[ALFHILD. Later HEMMING, INGEBORG, and others at various times.]
ALFHILD. [Remains lying motionless for a long time with her face concealed in her hands. At length she half raises herself, looks about bewildered, rises, and speaks with quiet broken laughter.]
One falcon the heavens with plenty may bless, Another must suffer great want and distress! One bird wears a coat of feathers so gay, Another must live contented with gray! I have known that tears are a balm to the soul, When the world is nothing but gall; But now I have suffered such sorrow and dole, I could laugh myself dead at the thought of it all!
[It is now quite dark. The windows of the church are being lighted up. ALFHILD goes over to the house and listens while the following song is heard faintly within.]
CHORUS OF WEDDING GUESTS.
Hail to the bridegroom and hail to the bride! There's feasting and joy everywhere. Lord Olaf, all hail! a knight who can ride, And Ingeborg a lady so fair!
HEMMING. [Steals in from the left during the song.] The horse stands saddled and ready! Now a secret sign to Ingeborg and then away!
[He goes out to the right to the rear of the house.]
His health from the silvery cup they drink, The bride sits proudly enthroned at his side; The candles of wax on the altar now wink, Soon out to the church they will ride! Within at the banquet sit host and guest And laugh as they bandy the merry jest! But here I must wander alone in the night, Alas, they have all forsaken me quite! Olaf! The storm is rending my hair! The rain beats against me wherever I fare! Olaf, Olaf! Can you see me thus languish Beneath this unspeakable torture and anguish?
But rain or storm is a trifling thing, 'Tis as nothing beside the poignant sting I suffer within my breast.— My home and my father and all the rest I left for Olaf, the friend I loved best! He swore to me then I should be his bride! And I came—God's love I felt in my soul; But he drove me away, he thrust me aside; So loudly he laughed when I writhed in dole! While they banquet within, like a dog I must stay Out here in the storm. Hence,—hence I will go!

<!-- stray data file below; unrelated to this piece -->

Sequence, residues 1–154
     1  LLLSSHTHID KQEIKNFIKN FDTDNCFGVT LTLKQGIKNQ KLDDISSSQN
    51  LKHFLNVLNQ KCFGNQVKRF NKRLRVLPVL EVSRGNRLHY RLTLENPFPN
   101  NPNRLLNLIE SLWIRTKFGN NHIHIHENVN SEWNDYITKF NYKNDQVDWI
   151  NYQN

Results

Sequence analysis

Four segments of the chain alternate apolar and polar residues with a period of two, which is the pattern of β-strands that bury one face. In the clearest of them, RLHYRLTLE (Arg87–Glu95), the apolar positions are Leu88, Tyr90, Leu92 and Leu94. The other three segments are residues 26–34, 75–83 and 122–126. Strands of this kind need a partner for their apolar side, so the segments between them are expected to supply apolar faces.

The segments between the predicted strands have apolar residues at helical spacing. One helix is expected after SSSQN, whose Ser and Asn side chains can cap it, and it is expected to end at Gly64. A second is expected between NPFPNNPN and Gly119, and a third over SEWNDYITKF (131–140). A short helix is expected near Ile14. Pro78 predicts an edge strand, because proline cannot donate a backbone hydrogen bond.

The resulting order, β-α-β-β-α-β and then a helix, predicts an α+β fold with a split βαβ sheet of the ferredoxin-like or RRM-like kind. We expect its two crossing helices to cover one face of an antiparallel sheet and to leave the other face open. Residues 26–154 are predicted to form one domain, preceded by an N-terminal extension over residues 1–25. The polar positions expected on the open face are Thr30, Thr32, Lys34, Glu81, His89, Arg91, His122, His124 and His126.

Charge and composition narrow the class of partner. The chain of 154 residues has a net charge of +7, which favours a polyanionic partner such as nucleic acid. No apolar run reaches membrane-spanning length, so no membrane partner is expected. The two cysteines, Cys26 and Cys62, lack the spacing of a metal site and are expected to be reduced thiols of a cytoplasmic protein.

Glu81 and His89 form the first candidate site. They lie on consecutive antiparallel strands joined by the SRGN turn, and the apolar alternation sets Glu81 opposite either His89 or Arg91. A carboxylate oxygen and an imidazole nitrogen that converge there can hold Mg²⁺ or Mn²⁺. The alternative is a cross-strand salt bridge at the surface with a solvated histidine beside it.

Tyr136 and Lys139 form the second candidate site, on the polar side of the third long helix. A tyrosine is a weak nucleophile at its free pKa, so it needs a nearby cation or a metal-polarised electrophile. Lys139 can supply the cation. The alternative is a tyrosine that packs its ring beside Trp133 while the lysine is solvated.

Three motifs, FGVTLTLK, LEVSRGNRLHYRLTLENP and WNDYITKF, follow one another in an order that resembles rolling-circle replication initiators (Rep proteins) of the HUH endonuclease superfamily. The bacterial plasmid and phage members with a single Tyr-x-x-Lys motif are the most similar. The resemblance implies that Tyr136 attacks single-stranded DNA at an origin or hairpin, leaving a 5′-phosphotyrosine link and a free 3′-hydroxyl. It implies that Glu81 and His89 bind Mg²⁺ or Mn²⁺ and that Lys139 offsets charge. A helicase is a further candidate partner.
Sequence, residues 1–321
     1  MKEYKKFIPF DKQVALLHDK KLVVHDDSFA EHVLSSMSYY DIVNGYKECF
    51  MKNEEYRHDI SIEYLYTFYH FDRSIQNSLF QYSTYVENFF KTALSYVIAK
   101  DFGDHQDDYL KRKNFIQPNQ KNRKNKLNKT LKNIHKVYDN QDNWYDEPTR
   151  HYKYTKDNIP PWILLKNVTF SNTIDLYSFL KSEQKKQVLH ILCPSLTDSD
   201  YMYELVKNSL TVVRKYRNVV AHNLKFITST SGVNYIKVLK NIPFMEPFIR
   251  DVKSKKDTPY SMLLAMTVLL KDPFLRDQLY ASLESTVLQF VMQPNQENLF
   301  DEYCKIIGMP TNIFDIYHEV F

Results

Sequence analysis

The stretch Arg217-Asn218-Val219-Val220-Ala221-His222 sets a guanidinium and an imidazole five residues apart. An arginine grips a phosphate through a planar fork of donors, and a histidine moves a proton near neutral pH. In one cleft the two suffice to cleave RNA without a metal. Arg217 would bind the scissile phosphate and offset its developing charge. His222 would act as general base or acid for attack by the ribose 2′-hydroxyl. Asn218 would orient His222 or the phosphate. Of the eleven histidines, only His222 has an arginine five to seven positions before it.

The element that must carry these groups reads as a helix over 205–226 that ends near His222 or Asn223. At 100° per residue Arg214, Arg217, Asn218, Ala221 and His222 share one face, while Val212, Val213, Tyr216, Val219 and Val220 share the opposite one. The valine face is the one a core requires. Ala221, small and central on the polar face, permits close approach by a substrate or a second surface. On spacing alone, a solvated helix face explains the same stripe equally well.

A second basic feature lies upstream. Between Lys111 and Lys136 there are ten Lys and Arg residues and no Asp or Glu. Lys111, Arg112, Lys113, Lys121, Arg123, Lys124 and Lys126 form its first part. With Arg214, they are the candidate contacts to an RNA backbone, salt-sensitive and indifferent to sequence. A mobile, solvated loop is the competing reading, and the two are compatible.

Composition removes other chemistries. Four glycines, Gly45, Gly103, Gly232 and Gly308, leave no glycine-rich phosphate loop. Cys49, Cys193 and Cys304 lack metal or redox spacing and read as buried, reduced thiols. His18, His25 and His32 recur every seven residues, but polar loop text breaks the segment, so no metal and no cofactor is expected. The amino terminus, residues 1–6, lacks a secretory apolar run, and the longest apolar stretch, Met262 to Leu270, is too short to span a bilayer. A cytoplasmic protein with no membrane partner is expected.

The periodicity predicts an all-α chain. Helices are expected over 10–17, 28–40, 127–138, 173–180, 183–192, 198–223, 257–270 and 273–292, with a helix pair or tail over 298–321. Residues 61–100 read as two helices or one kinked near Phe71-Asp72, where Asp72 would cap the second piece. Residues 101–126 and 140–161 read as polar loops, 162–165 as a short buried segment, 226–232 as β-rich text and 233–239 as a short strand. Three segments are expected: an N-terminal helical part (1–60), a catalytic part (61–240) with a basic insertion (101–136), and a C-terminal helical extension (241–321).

[Starts to go, but stops.]
But I have not the power, I cannot go away; Here must I stay and suffer my woe! 'Tis little the flowers out there in the wood Can tear themselves up from the ground! And Olaf, whether he be false or good,— About him my roots I have wound.
[Pause.—The HOUSE SERVANTS come with torches from the left.]
ALFHILD. [As if seized by an uneasy presentiment.] Whither do you go? Whither, whither? What is going to happen?
A SERVANT. Why, see, see! It is Alfhild; she is still here!
ALFHILD. O, tell me this! What is going to happen,—why all these preparations?
THE SERVANT. The wedding! Wouldn’t you care to see it?
ALFHILD. [In feverish anxiety.] The wedding! O, no, no! Put it off, only till tomorrow! If the wedding is held, then is everything over with me, I well know!
THE SERVANT. Postpone it! No, Alfhild! ‘Tis not, I’m afraid, the wish of bridegroom or bride!
ANOTHER. Think for a moment! Were you yourself but the bride, you surely would not want to wait.
THE FIRST SERVANT. Now we go down to the gate at the church to light the way with red bridal lights when the procession starts from the house.
THE SECOND SERVANT. Come along with us, Alfhild! You shall also have a torch to carry!
SEVERAL. Yes, yes, you must come! It is Lord Olaf’s day of glory!
ALFHILD. [Takes one of the torches.] Yes, yes, I will! As the most humble in the row I shall stand down there, and then, when he sees me, when I ask of him, when I remind him of everything he has promised and sworn,—O, tell me, tell me, do you not think that he will be kind to me again? Do you think so? O, tell me you do! Say that you think so!